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Stephen Nowicki

Professor of Biology
Duke Box 90338, Durham, NC 27708
137 Biological Sciences Building, 130 Science Drive, Durham, NC 27708


Our lab studies animal communication, asking both proximate and ultimate questions about how signaling systems function and how they evolve. Most of our work is done with birds, although lab members have studied a variety of other taxa. One major theme that runs through our work is to understand how signal reliability (“honesty”) is maintained in the face of the competing evolutionary interests of signal senders and receivers. We use both laboratory experiments and field-based analyses to test hypotheses about the costs of signal production, which theory suggests are necessary to maintain reliability. For example, we have demonstrated that the reliability of birdsong as a signal of quality in the context of mate choice is maintained by variation in the response of young birds to early developmental stress, which in turn affects brain development and song learning. Another theme that runs through our work concerns how animals themselves perceive signals, in particular the role of categorical perception in communication. Our work here began with birdsong, for example demonstrating context-dependent variation in category boundaries that define the smallest acoustic units of song (“notes”), and identifying categorical responses of neurons in the “song system” of the brain to variation in those notes. More recently, we have begun to study categorical perception in visual signaling, demonstrating for example that the carotenoid-based orange-red coloration commonly used in assessment signaling may be perceived categorically. This finding illustrates the connection between our interests in perception and reliability, given that canonical models of reliability assume continuous perception.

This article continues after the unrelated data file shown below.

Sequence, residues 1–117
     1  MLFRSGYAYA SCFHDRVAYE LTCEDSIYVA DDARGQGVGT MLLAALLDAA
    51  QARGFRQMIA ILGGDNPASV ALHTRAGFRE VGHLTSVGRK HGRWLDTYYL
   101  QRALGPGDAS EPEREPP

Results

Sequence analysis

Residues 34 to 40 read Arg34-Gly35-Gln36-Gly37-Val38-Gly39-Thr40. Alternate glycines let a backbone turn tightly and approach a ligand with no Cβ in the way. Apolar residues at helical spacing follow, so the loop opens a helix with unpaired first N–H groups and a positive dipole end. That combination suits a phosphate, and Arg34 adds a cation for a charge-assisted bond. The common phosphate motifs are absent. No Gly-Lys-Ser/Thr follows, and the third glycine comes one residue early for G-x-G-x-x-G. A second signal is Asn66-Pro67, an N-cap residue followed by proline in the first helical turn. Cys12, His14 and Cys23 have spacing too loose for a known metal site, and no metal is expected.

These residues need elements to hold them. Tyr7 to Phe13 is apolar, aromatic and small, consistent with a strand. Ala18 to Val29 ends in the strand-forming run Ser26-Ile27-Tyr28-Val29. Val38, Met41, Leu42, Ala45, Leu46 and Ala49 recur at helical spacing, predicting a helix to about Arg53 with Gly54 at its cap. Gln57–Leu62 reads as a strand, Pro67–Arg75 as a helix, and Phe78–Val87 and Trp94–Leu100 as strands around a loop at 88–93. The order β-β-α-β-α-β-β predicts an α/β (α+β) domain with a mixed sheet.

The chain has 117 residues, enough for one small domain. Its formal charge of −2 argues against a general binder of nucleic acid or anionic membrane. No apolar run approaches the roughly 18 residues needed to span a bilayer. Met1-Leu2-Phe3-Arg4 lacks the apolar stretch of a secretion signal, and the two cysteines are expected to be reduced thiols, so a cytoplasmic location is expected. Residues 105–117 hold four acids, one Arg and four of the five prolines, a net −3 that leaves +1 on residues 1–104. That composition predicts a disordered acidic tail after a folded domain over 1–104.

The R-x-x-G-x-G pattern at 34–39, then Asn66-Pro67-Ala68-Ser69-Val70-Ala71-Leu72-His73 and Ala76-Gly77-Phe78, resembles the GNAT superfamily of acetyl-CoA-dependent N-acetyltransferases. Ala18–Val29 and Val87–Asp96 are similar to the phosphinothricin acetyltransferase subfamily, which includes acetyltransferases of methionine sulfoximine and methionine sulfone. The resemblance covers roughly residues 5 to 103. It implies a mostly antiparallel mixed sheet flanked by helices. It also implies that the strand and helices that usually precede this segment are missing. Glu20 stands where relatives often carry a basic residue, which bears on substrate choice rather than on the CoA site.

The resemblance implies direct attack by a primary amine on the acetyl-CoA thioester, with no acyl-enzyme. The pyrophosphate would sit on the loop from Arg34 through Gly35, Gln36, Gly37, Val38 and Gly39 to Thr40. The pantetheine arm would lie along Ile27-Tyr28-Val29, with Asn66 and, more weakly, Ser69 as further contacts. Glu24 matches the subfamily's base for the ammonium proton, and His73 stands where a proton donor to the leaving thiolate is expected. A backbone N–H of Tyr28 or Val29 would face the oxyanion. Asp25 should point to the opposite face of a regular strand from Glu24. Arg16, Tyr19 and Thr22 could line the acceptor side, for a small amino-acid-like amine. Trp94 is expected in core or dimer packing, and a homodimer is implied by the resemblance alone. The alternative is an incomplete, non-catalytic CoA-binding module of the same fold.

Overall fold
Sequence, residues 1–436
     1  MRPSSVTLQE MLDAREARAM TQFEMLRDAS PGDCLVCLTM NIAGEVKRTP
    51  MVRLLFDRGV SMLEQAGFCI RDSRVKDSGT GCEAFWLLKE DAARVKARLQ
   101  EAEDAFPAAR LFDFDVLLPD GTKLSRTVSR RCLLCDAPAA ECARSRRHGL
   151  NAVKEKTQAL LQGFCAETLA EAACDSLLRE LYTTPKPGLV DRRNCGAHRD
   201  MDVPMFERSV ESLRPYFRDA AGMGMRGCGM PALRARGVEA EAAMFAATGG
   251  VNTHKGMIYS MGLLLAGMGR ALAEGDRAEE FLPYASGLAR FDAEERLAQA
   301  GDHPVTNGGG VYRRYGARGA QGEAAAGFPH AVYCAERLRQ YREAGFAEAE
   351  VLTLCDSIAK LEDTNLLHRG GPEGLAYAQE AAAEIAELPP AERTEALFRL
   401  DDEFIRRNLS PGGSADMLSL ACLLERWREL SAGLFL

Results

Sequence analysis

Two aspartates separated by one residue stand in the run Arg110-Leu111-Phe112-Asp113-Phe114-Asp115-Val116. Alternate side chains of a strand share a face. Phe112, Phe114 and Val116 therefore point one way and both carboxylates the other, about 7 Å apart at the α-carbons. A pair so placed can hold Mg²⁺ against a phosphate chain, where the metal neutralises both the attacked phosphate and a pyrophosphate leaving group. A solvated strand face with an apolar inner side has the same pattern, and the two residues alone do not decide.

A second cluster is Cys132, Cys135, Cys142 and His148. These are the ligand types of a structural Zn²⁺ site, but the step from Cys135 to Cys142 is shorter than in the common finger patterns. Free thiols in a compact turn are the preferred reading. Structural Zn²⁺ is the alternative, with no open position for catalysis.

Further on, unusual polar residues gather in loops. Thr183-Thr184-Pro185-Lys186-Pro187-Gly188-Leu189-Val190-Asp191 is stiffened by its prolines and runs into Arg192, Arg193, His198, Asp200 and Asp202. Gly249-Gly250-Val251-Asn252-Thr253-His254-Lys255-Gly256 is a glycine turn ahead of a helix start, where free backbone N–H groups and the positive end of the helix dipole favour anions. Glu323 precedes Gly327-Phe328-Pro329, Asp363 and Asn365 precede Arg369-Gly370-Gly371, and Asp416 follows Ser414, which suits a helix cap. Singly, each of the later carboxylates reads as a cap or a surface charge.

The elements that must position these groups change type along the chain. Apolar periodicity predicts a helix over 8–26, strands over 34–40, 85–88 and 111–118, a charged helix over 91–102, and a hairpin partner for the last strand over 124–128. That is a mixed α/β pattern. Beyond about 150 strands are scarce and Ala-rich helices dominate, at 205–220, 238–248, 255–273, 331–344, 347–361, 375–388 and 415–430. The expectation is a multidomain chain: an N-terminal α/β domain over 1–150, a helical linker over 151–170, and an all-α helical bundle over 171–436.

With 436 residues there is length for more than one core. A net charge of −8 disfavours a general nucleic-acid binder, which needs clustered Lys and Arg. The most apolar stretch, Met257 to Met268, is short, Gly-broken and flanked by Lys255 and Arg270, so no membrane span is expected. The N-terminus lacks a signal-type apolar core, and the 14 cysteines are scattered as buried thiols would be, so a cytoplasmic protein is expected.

Current Appointments & Affiliations

Professor of Biology · 2002 - Present Biology, Trinity College of Arts & Sciences
Associate Chair of the Department of Biology · 2022 - Present Biology, Trinity College of Arts & Sciences
Professor in the Department of Psychology and Neuroscience · 2008 - Present Psychology & Neuroscience, Trinity College of Arts & Sciences
Professor of Neurobiology · 2010 - Present Neurobiology, Basic Science Departments
Faculty Network Member of the Duke Institute for Brain Sciences · 2011 - Present Duke Institute for Brain Sciences, University Institutes and Centers
Associate of the Duke Initiative for Science & Society · 2021 - Present Duke Science & Society, Initiatives
Bass Fellow · 2004 - Present Biology, Trinity College of Arts & Sciences

Education, Training & Certifications

Cornell University · 1984 Ph.D.
Tufts University · 1978 M.S.
Tufts University · 1976 B.S.